By Brenda Goodman, MA
WebMD Health News
Reviewed by Brunilda Nazario, MD
Jan. 1, 2013 -- Overall, people who carry a few extra pounds tended to live longer than those who are either normal weight or very obese, new research shows.
The review, of 97 studies that included a combined 2.88 million people, questions the notion that people of normal weight live longest.
"It is possible that under certain circumstances, being a little overweight is good as opposed to bad," says Steven B. Heymsfield, MD, executive director of the Pennington Biomedical Research Center in Baton Rouge, La. Heymsfield wrote an editorial on the review but was not involved in the research.
About 30% of women and 40% of men in the U.S. are overweight based on their body mass index (BMI), a measure of size that takes into account a person's height and weight.
While they may not be able to wear their favorite clothing size, Heymsfield says it doesn't necessarily mean they are sicker than people who are at so-called normal BMIs.
"You have to separate out the cosmetic part from the health part," he says.
The review, which is published in the Journal of the American Medical Association, takes a fresh look at nearly two decades of research into the relationship between body weight and death risk.
"We have a huge amount of data because we collected almost 100 studies," says researcher Katherine Flegal, PhD, a distinguished consultant with the CDC's National Center for Health Statistics in Bethesda, Md.
People with BMIs under 30 but above normal were less likely to die during the studies compared to people with normal BMIs.
A reduction in the risk of death from all causes was about 6% lower for people who were overweight, and it was remarkably consistent from study to study, Flegal says.
Those people considered obese based on BMI, however, were worse off. They were about 18% more likely to die of any cause compared to those of normal weights.
Research Comes With Caveats
Though the findings are provocative, they come with some important caveats.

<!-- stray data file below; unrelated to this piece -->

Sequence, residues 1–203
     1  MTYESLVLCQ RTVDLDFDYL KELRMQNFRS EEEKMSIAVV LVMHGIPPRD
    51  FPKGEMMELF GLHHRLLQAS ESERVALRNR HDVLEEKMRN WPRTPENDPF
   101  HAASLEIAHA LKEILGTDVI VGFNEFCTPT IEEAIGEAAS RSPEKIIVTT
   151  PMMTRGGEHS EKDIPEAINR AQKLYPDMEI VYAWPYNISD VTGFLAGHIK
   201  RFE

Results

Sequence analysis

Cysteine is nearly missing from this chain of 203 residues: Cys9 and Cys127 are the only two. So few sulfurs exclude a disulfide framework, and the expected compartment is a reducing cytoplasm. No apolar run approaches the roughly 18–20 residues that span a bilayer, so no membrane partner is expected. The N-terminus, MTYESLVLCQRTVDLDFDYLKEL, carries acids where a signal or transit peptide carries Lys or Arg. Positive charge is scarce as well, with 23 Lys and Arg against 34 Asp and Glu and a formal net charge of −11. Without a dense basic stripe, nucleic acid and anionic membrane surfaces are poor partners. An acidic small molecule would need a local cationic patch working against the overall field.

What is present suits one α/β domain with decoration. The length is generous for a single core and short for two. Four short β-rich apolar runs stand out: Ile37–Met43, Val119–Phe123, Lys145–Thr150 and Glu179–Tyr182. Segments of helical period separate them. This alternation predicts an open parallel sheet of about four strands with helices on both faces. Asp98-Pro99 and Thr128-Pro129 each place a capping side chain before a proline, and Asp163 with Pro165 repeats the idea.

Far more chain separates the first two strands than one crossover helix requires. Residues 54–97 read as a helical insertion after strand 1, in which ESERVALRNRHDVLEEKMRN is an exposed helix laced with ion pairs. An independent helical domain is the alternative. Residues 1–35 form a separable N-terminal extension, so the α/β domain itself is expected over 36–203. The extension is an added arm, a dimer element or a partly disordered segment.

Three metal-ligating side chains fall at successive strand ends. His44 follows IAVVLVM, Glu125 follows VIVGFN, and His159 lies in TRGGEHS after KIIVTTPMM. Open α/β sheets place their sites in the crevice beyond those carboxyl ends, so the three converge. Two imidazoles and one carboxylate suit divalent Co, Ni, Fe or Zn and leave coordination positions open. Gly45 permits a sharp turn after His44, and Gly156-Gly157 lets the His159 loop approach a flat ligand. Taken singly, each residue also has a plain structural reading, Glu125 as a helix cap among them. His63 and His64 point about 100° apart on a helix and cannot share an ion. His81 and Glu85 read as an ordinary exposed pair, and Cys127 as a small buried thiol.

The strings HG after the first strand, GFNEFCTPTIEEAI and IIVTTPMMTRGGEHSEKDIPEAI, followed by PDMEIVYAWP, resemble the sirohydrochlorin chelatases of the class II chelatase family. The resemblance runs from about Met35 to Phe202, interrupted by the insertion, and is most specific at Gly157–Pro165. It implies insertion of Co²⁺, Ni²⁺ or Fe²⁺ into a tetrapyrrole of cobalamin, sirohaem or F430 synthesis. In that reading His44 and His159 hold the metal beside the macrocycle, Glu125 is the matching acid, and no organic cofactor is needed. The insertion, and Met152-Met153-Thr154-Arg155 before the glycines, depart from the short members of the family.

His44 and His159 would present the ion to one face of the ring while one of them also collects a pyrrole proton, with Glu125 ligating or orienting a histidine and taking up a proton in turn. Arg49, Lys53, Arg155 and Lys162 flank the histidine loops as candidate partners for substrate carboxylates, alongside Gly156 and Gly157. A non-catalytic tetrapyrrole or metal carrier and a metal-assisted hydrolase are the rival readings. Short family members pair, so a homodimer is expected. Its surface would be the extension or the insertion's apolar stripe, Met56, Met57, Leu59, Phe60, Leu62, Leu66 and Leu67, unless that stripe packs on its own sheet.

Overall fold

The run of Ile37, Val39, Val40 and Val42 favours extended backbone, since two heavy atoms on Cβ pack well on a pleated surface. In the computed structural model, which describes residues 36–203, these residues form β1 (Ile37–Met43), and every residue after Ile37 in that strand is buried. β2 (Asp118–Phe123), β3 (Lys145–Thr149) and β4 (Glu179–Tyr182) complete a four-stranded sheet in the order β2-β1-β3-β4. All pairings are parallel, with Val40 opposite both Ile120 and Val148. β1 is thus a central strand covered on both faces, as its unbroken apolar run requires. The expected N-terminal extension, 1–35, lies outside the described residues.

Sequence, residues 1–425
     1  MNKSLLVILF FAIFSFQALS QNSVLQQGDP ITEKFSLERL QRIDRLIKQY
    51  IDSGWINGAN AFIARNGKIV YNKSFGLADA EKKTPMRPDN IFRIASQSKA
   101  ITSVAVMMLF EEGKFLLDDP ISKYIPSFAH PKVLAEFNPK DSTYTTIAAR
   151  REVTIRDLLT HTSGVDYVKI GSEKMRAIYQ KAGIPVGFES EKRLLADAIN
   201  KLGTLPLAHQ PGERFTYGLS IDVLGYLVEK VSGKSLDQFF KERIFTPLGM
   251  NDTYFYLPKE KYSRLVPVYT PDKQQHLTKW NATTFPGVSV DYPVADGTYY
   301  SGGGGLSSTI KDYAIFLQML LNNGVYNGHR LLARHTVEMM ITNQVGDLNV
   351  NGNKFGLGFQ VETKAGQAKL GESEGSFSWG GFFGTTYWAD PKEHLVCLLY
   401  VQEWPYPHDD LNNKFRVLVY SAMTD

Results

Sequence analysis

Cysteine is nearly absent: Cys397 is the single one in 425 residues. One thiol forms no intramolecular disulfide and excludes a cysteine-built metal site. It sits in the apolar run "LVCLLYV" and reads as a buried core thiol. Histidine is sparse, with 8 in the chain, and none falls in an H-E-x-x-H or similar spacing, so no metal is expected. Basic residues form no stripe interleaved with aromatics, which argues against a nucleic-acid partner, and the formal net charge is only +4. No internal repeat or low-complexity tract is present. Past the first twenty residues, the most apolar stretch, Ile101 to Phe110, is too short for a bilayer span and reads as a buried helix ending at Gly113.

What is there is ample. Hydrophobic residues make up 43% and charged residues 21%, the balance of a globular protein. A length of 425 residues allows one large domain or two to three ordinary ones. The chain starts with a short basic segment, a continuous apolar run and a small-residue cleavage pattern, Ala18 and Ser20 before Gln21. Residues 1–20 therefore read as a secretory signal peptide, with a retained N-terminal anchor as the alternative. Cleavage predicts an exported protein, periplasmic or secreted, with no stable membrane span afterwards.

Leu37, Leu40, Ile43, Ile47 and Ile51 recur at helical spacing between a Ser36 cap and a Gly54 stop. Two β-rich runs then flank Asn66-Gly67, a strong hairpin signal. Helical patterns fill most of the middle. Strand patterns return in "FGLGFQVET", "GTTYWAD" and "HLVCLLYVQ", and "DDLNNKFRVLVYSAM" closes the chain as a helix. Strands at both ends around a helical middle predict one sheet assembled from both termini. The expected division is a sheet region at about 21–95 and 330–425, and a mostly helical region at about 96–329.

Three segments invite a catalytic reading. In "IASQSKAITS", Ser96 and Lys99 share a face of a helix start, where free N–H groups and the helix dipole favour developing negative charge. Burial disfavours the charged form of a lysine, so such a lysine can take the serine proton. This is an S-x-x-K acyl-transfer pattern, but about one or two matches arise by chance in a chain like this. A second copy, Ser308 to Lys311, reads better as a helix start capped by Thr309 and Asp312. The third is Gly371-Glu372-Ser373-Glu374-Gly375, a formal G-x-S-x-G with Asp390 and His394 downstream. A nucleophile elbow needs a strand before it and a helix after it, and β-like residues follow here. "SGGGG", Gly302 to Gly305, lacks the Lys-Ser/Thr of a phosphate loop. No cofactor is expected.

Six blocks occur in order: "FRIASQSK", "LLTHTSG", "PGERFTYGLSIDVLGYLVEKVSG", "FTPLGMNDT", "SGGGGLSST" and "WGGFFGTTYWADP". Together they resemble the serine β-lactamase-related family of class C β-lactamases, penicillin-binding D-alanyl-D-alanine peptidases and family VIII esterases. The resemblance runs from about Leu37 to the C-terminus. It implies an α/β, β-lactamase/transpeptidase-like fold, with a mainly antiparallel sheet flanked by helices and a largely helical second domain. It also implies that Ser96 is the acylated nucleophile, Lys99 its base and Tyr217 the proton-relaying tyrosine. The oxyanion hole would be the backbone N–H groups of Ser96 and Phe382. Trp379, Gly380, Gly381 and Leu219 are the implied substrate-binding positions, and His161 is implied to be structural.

The study only looked at the association between death and body size. It didn't include other measures of health that may be related to weight.
"Total mortality [death from all causes] is important, but it doesn't tell you much about quality of life," says Heymsfield. "It's not whether you're at risk of developing diabetes. It's not whether you're at risk for developing joint problems."
The study also just shows an association; it doesn't prove that body weight is the reason that some bigger people tended to live longer than those at normal weights.
For that reason, Flegal says, people shouldn't give up on their goals to eat right and exercise.
"We're not trying to make any recommendations," she says. "It's not intended as a call to any kind of action."
But the findings may be reassuring to people who carry some extra weight but are otherwise healthy.
"Maybe a few extra pounds is not as lethal as we've been led to believe," Heymsfield says.
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SOURCES: Flegal, K. Journal of the American Medical Association, Jan. 1, 2013. Heymsfield, S. Journal of the American Medical Association, Jan. 1, 2013. Steven B. Heymsfield, MD, executive director, Pennington Biomedical Research Center, Baton Rouge, La.Katherine Flegal, PhD, distinguished consultant, National Center for Health Statistics, Centers for Disease Control and Prevention, Bethesda, Md.
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